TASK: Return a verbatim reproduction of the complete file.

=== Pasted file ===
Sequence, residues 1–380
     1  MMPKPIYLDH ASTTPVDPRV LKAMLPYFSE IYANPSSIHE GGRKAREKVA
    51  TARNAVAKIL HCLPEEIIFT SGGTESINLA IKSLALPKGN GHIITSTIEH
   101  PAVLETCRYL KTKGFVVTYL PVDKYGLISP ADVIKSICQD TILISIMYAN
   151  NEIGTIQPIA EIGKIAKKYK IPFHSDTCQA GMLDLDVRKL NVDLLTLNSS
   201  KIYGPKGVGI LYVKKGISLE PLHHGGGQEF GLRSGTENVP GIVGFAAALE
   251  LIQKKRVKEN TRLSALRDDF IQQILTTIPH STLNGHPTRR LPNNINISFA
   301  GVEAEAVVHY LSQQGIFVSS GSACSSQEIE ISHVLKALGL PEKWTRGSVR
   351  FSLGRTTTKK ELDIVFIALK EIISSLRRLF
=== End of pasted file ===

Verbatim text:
Sequence, residues 1–380
     1  MMPKPIYLDH ASTTPVDPRV LKAMLPYFSE IYANPSSIHE GGRKAREKVA
    51  TARNAVAKIL HCLPEEIIFT SGGTESINLA IKSLALPKGN GHIITSTIEH
   101  PAVLETCRYL KTKGFVVTYL PVDKYGLISP ADVIKSICQD TILISIMYAN
   151  NEIGTIQPIA EIGKIAKKYK IPFHSDTCQA GMLDLDVRKL NVDLLTLNSS
   201  KIYGPKGVGI LYVKKGISLE PLHHGGGQEF GLRSGTENVP GIVGFAAALE
   251  LIQKKRVKEN TRLSALRDDF IQQILTTIPH STLNGHPTRR LPNNINISFA
   301  GVEAEAVVHY LSQQGIFVSS GSACSSQEIE ISHVLKALGL PEKWTRGSVR
   351  FSLGRTTTKK ELDIVFIALK EIISSLRRLF